“Leading companies are accelerating disability inclusion as the next frontier of corporate social responsibility and mission-driven investing.” – Ted Kennedy, Disabilities Rights Attorney
By: Rebecca Deering
I attended Inclusive Hiring Strategies, conducted by Saint Joseph’s University and Kinney Center for Autism Support.
This session was particularly interesting as neurodiversity was the primary focus, typically used to describe individuals with autism spectrum disorder. In the past, neurodiversity may not have been at the forefront when companies have targeted recruiting and hiring efforts for those with disabilities. It was demonstrated in this session that hiring neurodiverse individuals can result in great benefits, such as return in investment, team benefits, and overall cost savings. A statistic was shared that a mixed team of neurodiverse and neurotypical individuals is 30% more productive than singular teams.
Of course, employers may face challenges when hiring neurodiverse employees, as these individuals may struggle with ambiguity and multi-tasking, which are common challenges faced in the standard workplace.
The presenters in this session encouraged employers to conduct outreach to universities and career centers to provide opportunities to the neurodiverse student population. Several strategies for inclusive interviewing were shared, as interviewing can be a main challenge for this type of candidate:
- Having fewer interviewers
- Providing written directions and instructions
- Keeping the interviews to 45 minutes or less
- Allowing the candidate to present a portfolio of their work
- Being comfortable with moments of silence
- Asking open-ended questions to generate conversation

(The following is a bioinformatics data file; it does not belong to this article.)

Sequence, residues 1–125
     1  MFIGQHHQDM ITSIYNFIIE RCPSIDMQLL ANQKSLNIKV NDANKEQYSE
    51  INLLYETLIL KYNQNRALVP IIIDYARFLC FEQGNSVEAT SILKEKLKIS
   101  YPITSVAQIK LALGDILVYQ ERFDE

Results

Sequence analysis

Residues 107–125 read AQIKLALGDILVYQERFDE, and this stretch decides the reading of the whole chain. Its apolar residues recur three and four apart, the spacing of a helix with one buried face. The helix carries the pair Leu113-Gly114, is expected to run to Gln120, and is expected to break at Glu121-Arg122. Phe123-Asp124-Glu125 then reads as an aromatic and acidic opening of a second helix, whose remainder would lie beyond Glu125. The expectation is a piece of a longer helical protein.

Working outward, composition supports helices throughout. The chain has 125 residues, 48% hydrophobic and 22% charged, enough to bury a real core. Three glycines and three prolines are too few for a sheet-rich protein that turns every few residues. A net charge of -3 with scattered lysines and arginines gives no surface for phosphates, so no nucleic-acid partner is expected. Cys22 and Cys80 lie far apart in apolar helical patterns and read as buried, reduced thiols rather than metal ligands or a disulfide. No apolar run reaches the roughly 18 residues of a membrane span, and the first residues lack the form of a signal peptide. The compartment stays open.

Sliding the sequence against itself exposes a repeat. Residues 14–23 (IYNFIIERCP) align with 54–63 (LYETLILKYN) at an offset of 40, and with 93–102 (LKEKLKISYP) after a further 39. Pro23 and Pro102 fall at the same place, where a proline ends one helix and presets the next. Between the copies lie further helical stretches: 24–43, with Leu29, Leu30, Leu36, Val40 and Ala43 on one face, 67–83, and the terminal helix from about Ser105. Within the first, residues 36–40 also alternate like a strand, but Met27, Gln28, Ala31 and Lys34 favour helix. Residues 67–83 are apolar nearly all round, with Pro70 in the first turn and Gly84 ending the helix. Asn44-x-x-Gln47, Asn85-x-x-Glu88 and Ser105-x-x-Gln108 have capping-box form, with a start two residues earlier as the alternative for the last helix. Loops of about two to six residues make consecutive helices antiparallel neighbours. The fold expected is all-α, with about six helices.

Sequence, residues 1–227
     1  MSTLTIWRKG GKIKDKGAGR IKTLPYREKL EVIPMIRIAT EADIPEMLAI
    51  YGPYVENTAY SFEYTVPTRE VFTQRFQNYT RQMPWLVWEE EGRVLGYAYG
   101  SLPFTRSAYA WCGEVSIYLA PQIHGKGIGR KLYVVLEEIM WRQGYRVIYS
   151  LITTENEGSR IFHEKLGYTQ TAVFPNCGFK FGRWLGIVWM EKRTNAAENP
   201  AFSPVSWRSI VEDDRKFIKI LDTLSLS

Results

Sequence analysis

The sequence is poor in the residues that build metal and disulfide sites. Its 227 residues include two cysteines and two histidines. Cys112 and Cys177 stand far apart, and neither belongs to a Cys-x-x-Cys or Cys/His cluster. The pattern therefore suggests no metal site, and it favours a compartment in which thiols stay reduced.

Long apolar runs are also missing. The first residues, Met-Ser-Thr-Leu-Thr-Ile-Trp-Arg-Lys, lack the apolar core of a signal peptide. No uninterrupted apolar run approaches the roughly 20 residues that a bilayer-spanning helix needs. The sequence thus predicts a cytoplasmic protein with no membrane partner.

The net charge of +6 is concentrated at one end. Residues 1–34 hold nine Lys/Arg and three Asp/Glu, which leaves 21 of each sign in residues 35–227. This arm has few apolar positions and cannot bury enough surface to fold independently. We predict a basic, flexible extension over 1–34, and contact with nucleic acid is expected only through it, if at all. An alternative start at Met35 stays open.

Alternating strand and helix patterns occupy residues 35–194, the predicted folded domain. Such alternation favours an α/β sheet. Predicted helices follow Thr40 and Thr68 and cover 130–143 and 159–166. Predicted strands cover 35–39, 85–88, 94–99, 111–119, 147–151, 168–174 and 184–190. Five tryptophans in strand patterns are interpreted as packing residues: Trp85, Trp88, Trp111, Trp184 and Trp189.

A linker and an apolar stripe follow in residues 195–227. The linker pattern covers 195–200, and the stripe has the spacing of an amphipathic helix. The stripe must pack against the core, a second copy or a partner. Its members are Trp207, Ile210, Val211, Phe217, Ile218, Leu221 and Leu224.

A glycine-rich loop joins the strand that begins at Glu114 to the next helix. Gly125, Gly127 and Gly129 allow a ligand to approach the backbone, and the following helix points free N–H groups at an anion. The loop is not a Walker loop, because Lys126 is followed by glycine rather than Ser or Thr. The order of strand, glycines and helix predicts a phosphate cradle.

As a talent professional, I found these suggestions ironic, as they are important for all populations, not just those that are neurodiverse. Keeping these ideas top of mind is key to providing positive experiences to prospective employees. There were also suggestions offered to support neurodiverse new hires which included having a mentor program, providing user manuals, and being explicit on policies – again, ideas that should be implemented for all employees, whether they have a disability or not. However, I learned these actions are especially important for neurodiverse candidates.
A statement offered during the session really resonated: “You do not need to lower the standards that apply to all employees, but you may need to offer accommodations that allow employees with disabilities to meet those standards.”
In summary, it is not difficult to be inclusive! As employers, we need to remember as individuals what’s important to us, and likely this is the same for someone that is neurodivergent.
About the Author
Rebecca Deering leads the talent function at Taiho Oncology, Inc., based in Princeton, NJ. She has extensive experience in talent acquisition and talent management working in the pharmaceutical and retail industries. Rebecca holds a BA from James Madison University and MBA from Temple University, with a concentration in Human Resources. Rebecca is also a member of Philly SHRM’s Thought Leadership Team.https://www.linkedin.com/in/rebecca-deering-mba-sphr-a944021a/
Author’s Disclaimer: The content and opinions expressed in the article above are my own, and don’t necessarily reflect those of my employer.
Editor: Dennis Paris